The trials are being undertaken in conjunction with partner Wilhelmsen Ships Services, one of the world’s leading maritime logistics and port services company. During the trials, Airbus’ Skyways drone will lift off from the pier with a payload capability of up to 4kg, and navigate autonomously along pre-determined ‘aerial corridors’ to vessels as far as 3km from the coast.
Airbus’ Skyways lead, Leo Jeoh shared his excitement at the milestone flight: “We are thrilled to launch the first trial of its kind in the maritime world. Today’s accomplishment is a culmination of months of intense preparation by our dedicated team, and the strong collaboration with our partner, as we pursue a new terrain in the maritime industry.”
“We are also happy to be taking a step forward for Airbus’ urban air mobility endeavour, as we continue to explore and seek better understanding of what it takes to fly safe and reliable autonomous flying vehicles safely,” he added.
“The now proven, seamless operation of drone deliveries from shore to ship, in one of the world’s busiest ports proves the hard work, investment and faith we, and indeed our partners, placed in the Agency by Air project over the past two years was not misplaced,” said Marius Johansen, Vice President Commercial, Ships Agency at Wilhelmsen Ships Services.
Airbus’s Skyways drone
“Delivery of essential spares, medical supplies and cash to master via launch boat, is an established part of our portfolio of husbandry services, which we provide day in and day out, in ports all over the world. Modern technology such as the unmanned aircraft systems, are just a new tool, albeit a very cool one, with which we can push our industry ever forward and improve how we serve our customers,” he added.
The use of unmanned aircraft systems in the maritime industry paves the way for possible enlargement of existing ship agency services’ portfolio, speeding up deliveries by up to six times, lowering delivery costs by up to 90%, reducing carbon footprint, and significantly mitigating risks of accidents associated with launch-boat deliveries.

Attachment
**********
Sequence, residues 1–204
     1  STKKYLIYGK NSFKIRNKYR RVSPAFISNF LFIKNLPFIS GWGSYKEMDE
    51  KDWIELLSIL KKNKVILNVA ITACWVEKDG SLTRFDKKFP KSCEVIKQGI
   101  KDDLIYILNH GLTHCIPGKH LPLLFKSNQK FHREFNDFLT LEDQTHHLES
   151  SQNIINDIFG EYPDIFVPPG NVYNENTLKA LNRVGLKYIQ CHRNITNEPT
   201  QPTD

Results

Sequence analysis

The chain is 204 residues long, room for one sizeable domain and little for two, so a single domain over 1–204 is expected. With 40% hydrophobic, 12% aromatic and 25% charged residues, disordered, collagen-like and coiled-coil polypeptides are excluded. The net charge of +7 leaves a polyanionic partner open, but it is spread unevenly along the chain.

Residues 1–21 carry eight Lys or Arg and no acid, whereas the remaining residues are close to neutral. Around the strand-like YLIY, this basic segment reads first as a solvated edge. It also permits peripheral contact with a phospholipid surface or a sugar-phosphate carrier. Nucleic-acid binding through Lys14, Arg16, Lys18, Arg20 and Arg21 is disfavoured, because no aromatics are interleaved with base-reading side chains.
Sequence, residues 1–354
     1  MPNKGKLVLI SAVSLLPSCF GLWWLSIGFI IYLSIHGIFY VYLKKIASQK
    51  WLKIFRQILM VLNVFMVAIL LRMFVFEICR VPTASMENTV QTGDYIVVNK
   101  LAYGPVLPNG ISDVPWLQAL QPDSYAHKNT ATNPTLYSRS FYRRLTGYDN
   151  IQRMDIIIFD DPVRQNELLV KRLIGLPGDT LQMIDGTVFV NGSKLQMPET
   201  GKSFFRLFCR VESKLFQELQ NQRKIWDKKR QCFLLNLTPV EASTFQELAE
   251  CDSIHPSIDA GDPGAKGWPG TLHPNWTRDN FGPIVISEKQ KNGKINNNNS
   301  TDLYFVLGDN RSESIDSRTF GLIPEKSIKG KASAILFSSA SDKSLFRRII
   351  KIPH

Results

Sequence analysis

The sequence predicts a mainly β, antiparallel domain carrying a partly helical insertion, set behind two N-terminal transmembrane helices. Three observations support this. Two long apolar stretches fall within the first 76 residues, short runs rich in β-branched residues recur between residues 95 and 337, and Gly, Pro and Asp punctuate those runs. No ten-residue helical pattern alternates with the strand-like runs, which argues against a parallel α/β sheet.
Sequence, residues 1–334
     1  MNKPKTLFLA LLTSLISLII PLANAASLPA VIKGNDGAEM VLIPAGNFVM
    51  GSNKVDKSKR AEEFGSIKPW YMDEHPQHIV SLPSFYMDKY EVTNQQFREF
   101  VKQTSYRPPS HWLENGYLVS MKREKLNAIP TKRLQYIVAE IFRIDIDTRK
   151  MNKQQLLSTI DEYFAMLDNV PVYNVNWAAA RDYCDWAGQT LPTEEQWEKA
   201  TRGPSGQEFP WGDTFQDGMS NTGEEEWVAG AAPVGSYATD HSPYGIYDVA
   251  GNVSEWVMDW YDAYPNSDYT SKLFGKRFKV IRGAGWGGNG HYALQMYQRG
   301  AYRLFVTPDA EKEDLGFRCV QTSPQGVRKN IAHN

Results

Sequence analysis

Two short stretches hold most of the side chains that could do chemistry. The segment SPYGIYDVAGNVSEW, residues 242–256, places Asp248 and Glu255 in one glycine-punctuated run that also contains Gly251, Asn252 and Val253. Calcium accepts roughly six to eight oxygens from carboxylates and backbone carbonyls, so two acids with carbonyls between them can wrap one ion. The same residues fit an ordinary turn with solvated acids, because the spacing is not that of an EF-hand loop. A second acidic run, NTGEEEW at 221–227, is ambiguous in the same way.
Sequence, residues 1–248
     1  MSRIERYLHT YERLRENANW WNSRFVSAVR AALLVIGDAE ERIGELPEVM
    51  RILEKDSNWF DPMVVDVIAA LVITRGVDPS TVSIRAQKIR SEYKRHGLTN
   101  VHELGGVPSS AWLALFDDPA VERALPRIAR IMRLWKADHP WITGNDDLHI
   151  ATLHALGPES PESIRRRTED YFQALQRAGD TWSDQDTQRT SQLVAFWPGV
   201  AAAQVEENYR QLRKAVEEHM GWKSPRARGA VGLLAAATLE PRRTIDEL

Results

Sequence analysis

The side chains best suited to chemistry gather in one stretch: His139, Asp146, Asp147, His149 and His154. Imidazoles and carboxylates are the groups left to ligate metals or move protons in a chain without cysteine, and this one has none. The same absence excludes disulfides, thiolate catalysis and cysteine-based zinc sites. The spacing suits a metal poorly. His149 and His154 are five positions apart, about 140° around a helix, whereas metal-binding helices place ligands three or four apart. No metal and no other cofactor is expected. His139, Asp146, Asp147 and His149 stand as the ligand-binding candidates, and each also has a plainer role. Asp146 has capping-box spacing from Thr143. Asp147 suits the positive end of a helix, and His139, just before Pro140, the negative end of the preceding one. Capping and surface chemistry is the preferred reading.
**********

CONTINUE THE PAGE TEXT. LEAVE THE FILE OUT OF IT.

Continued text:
Airbus and Wilhelmsen Ships Services signed an agreement in June 2018 to drive the development of an end-to-end unmanned aircraft system for safe shore-to-ship deliveries. The collaboration marries Airbus’ extensive expertise in aeronautical vertical lift solutions and Wilhelmsen’s wealth of experience in ship agency services. A landing platform and control centre were set up at the Marina South Pier in November 2018, through the facilitation of the Maritime and Port Authority of Singapore. The maritime agency also designated anchorages for vessels to anchor off the pier for the trials, while the Civil Aviation Authority of Singapore worked with Airbus and Wilhelmsen to ensure safety of the trials.
Skyways is an experimental project aimed at establishing seamless multi-modal transportation networks in smart cities. Through Skyways, Airbus aims to develop an unmanned airborne infrastructure solution and address the sustainability and efficiency of unmanned aircraft in large urban and maritime environments.
Having demonstrated the ability to deliver parcels safely and reliably to vessels anchored off the coast of Singapore, Skyways will soon be commencing another trial phase delivering air parcels autonomously in an urban environment, at the National University of Singapore.
Airbus is a global leader in aeronautics, space and related services. In 2018 it generated revenues of €64 and employed a workforce of around 134,000. Airbus offers the most comprehensive range of passenger airliners. Airbus is also a European leader providing tanker, combat, transport and mission aircraft, as well as one of the world’s leading space companies. In helicopters, Airbus provides the most efficient civil and military rotorcraft solutions worldwide.